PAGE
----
Light-duty trucks are often used for distribution by supermarket chains and convenience stores. In addition to being equipped with refrigeration and freezing functions, they are required to drive long distances over extended hours to perform multiple delivery operations in one day. They must also meet requirements such as fast refuelling. The use of hydrogen-fuelled fuel cell technology, which produces zero CO2 emissions while driving, is considered highly effective under such operating conditions.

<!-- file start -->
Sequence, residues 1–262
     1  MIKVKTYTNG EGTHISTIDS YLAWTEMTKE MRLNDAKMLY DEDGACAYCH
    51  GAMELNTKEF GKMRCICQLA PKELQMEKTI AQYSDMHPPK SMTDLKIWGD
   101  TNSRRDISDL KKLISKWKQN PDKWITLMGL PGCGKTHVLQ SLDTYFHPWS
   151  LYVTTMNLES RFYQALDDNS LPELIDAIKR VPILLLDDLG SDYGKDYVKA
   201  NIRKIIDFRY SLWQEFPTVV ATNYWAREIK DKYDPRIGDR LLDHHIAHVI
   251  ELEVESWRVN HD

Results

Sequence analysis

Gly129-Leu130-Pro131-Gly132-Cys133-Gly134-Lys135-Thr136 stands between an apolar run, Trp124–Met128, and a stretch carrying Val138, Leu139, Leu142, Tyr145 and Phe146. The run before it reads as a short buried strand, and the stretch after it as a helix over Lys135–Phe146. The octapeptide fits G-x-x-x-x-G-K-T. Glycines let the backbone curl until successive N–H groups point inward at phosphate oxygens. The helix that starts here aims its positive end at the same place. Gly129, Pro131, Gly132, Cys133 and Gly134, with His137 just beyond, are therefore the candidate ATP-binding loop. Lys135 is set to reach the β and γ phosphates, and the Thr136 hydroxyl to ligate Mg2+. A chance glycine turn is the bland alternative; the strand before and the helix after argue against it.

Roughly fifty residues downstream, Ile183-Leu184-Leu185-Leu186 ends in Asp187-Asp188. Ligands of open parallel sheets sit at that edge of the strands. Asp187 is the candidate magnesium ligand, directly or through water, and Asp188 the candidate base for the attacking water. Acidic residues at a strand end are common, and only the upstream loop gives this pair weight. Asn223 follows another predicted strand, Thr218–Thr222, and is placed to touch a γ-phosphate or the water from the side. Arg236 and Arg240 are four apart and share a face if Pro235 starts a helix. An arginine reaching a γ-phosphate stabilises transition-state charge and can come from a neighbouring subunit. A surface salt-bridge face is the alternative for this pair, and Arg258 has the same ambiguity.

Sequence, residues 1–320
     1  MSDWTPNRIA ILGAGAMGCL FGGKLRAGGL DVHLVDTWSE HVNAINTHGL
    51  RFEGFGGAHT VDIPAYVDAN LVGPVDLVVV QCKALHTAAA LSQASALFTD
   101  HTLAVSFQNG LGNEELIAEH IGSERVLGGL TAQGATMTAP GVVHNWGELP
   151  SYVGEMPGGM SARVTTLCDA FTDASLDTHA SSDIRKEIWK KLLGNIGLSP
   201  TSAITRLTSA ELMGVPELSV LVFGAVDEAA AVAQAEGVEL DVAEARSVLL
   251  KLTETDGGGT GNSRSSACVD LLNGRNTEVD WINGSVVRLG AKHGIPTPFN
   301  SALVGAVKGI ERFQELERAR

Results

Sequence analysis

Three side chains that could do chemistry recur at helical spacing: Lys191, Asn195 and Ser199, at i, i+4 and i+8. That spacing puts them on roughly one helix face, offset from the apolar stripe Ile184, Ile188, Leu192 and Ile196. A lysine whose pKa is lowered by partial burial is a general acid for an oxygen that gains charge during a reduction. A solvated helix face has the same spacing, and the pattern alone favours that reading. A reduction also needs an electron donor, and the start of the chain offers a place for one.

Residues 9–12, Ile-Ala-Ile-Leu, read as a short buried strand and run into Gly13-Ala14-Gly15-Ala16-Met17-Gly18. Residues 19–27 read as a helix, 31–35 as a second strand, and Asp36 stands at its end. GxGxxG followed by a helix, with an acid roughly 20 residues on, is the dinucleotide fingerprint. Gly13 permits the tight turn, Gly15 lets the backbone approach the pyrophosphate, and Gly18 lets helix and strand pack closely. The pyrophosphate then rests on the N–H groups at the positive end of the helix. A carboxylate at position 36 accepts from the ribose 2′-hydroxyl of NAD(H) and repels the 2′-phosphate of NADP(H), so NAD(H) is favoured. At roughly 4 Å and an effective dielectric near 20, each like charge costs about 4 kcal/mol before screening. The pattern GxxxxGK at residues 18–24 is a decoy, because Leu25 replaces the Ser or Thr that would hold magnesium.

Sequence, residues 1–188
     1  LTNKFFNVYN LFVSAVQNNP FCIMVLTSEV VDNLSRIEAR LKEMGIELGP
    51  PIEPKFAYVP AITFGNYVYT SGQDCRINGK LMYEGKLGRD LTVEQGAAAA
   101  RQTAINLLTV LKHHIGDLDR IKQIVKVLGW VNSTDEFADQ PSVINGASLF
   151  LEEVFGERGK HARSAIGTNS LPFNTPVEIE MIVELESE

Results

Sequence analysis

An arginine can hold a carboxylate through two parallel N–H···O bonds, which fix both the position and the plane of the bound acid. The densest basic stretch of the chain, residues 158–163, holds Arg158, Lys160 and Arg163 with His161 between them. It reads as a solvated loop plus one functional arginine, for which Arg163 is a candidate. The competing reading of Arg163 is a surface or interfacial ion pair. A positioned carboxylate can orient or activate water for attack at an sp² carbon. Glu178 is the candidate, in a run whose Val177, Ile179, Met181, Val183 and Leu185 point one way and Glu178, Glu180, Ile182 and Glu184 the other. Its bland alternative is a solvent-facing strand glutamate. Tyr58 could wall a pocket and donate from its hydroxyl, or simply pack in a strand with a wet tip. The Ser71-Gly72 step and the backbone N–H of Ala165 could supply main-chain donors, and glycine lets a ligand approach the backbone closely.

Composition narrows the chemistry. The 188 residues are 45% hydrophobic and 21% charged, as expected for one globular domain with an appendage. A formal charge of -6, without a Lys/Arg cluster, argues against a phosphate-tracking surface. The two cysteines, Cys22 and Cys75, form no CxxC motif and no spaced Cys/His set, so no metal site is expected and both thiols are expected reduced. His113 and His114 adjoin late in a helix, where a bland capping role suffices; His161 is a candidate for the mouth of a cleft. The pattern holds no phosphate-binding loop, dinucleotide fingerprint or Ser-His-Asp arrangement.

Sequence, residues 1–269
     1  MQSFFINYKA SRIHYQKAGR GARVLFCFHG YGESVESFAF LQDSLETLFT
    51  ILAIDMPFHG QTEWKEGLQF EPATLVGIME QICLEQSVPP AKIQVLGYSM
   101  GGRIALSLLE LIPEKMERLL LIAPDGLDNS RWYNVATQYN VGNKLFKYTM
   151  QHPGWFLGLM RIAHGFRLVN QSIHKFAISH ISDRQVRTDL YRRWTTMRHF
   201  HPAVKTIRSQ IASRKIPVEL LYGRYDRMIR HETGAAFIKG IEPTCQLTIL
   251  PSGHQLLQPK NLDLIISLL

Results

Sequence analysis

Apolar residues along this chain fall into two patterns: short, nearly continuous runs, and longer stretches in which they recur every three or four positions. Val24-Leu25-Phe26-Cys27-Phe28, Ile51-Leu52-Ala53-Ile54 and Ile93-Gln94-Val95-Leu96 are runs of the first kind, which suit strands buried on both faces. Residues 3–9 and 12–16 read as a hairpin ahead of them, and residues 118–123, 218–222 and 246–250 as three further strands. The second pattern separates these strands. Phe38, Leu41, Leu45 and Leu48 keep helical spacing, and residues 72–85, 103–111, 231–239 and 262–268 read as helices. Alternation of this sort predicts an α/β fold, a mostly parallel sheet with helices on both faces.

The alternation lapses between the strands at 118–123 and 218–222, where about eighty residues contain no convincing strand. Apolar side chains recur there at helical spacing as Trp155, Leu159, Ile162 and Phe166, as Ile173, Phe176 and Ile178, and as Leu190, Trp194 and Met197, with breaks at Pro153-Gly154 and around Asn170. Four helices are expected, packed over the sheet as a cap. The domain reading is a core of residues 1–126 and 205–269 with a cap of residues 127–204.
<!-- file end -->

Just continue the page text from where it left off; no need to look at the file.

Toyota is not alone in recognising the important role a sustainable, hydrogen-powered mobility ecosystem can play in the transition to net zero. Bosch’s fuel-cell power module is now in volume production, and the company is focused on developing a circular economy model that will see the valuable raw materials in its fuel cells – especially platinum – recovered and recycled at the end of a fuel cell’s useful life. Platinum acts as a catalyst in a fuel cell, accelerating the reaction of hydrogen and oxygen, and Bosch believes that 95 per cent of the platinum in fuel cell stacks can be recovered.